Sunday, December 1, 2013

Personhood Beyond the Human: A Paradigm Case Formulation of Persons

Below is a draft of the paper I presented at the Yale conference: Personhood Beyond the Human, Saturday, December 7, 2013 in New Haven.  Also note the lawsuit filed on behalf of "Tommy", a chimpanzee seeking legal personhood by the Non Human Rights Project.

A current prepublication version of this paper can be found here: What is a Person?

Apparently humanity has matured enough for us to ask in a non-trivial way, “Are human beings the only persons we encounter?”

Historically, we have only recognized others who share our human embodiment as fellow persons. This matters legally, morally and ethically since people are granted rights, privileges and protections that are not offered to non-persons.These rights, privileges and protections are subject to revision. We no longer allow people to be chattel, the property of other people. 

If we recognize animals other than our own species as persons, asking whether we are holding some of them in slavery is a legitimate question.

How can we sort out what constitutes a Person if we accept that the category is not based simply on having a particular body? What I will offer is the Descriptive Psychology method of Paradigm Case Formulation applied to the concept of "Persons". (A full presentation of this methodology and conceptualization can be found in Peter Ossorio's, The Behavior of Persons, 2013). Using this methodology, I will show that it is reasonable to include non-humans as persons and to have legitimate grounds for disagreeing where the line is properly drawn. (I will also argue that answering this question leaves unresolved how we should treat non-person animals except in an appeal to people’s intrinsic ethical concerns). 

What I am going to do is make explicit what is already implicit in what we mean by "Persons". I am going to tell you what you already know. 

What is the point of a Paradigm Case Formulation? Paradigm Case Formulations are employed when it is desirable to achieve a common understanding of a subject matter but where definitions prove too limiting, various, ambiguous or impossible. I think the concept of “Person” poses this definitional problem. 

Finding a fully inclusive definition is a common conceptual dilemma. Consider how difficult it is to exactly define what is meant by the word “family” or the word “chair” if we wish to achieve agreement on all possible examples of “families” and “chairs”.  Must families all have two parents of different genders plus their children?  Must all chairs have four legs and a backrest?  

A Paradigm Case Formulation should provide competent users a starting point of agreement. Generally it should consist of the most complex case, an indubitable case, or a primary or archetypal case.  It should be a sort of “By God, if there were ever a case of “X”, then that’s it.”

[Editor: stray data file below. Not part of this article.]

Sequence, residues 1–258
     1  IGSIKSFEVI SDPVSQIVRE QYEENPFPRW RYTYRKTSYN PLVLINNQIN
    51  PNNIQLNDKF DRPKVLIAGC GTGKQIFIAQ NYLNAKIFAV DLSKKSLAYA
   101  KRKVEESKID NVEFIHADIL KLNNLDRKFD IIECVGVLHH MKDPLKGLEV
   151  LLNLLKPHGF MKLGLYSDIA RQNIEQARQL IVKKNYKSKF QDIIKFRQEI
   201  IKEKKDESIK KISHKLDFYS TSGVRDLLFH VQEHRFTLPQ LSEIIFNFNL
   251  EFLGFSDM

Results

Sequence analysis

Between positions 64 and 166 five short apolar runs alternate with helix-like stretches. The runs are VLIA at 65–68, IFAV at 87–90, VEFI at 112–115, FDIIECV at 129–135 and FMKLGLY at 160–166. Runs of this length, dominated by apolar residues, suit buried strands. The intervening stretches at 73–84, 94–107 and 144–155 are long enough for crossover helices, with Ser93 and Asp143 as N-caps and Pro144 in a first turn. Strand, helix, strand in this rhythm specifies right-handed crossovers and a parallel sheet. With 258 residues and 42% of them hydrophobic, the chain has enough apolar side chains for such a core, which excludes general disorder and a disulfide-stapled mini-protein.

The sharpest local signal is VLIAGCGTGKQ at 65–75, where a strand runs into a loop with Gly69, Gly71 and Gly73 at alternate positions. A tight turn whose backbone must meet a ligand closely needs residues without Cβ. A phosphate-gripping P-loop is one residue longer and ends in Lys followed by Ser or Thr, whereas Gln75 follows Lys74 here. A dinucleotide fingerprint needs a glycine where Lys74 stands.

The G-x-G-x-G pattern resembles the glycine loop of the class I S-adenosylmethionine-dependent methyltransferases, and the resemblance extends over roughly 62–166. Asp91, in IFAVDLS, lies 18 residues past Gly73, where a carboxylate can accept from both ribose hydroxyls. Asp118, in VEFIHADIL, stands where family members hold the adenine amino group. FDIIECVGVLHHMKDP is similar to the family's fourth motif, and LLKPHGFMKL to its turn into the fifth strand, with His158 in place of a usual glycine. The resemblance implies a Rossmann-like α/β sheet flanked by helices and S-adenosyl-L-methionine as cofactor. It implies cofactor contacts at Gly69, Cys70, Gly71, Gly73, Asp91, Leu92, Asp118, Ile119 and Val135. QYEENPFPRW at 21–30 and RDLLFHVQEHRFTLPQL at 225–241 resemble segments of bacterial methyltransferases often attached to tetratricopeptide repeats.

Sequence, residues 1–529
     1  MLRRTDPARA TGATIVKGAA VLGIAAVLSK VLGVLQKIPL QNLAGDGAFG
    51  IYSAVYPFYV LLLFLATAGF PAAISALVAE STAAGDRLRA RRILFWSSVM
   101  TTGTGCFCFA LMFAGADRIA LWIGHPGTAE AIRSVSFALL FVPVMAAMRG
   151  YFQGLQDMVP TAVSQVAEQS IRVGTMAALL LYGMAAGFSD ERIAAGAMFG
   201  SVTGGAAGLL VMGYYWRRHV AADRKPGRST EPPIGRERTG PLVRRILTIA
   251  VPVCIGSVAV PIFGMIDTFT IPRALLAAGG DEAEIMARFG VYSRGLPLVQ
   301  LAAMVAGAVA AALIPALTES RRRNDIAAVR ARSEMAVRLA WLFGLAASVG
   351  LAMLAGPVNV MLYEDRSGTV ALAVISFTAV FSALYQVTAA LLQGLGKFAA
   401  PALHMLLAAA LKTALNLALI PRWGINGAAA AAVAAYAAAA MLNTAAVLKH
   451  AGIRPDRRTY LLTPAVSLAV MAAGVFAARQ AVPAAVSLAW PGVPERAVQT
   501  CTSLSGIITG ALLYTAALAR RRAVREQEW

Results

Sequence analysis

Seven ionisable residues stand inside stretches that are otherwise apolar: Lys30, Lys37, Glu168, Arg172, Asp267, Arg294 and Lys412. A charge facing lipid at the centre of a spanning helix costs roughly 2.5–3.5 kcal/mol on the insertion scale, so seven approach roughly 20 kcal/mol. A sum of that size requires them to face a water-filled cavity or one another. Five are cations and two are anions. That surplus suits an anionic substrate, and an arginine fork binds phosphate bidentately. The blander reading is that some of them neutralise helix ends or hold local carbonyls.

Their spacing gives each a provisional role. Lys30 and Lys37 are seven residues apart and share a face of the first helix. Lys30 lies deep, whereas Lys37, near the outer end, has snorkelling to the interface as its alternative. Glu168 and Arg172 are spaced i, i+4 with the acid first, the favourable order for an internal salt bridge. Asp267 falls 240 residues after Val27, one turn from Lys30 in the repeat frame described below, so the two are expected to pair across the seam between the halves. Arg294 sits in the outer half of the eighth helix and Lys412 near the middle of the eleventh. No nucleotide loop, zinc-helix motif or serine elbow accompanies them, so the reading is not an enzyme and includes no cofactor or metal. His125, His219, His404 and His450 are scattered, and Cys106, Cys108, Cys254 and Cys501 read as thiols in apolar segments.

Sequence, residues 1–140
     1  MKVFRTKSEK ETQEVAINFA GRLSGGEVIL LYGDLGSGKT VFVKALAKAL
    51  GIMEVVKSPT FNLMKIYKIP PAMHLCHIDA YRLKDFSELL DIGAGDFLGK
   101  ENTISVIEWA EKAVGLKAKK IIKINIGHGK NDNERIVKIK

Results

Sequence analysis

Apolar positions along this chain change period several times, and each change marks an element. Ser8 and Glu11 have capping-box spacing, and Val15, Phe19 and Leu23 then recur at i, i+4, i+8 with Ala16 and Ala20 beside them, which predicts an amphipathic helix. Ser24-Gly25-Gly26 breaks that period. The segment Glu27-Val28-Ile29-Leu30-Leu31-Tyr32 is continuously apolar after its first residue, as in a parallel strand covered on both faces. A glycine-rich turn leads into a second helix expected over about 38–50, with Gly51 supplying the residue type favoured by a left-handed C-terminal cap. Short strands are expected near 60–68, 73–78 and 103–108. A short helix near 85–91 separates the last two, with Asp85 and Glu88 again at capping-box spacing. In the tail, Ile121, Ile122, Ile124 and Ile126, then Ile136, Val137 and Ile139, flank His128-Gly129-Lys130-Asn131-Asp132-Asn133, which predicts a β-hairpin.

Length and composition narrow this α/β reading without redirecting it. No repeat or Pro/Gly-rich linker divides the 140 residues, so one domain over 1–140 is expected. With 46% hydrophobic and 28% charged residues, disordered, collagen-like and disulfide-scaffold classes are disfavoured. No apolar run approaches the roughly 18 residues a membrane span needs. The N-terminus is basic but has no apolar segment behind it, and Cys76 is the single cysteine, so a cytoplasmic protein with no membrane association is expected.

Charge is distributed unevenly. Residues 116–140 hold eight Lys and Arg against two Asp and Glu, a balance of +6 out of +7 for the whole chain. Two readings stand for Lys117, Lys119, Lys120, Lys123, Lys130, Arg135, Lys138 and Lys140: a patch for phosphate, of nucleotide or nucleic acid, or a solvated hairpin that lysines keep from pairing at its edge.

For example, most would agree that a group of people living together consisting of a married father and mother and their biological son and daughter is a family. But what if there is only a husband, his husband and their dog? Or three best friends who live under one roof and make their significant decisions together?  What elements must be present and what can we change, add or leave out and still meet what different people call a family?

By starting with a paradigm case that everyone easily identifies as within their understanding of a concept, it becomes possible to delete or change features of the paradigm with the consequence that with each change some people might no longer agree that they are still talking about the same thing. But because of the shared paradigm, they can show where there is disagreement and where they draw the line. 

A Paradigm Case Formulation of Persons

A Person is an individual whose history is, paradigmatically, a history of Deliberate Action in a Dramaturgical Pattern.

Deliberate Action is a form of behavior in which a person (a) engages in an Intentional or goal directed Action, (b) is Cognizant of that, and (c) has chosen to do that.  A person is not always engaged in a deliberate action but has the eligibility to do so.  A human being is an individual who is both a person and a specimen of Homo sapiens. (Ossorio, 2013).

Deliberate Action is fundamental to any claim of personal autonomy. 

As deliberate actors, Paradigm Case Persons act on Hedonic, Prudent, Aesthetic and Ethical reasons when selecting, choosing or deciding on a course of action. Why these four? Simply that these are the ones that we know. There may be more; if another one is discovered, it would be included, somewhat like taste experts now agree that there is a fifth sensation, "umami," in addition to sweet, sour, bitter, and salty.

Ossorio (2013) indicated that these four classifications, Hedonic, Prudent, Aesthetic, and Ethical are intrinsic or fundamental motivations.  They provide reason enough to do something. They stand on their own. These reasons for action can conflict, operate in a complementary or independent fashion, and so on. If you have two or more of these reasons to do something, you have more reason than if you had only one of them.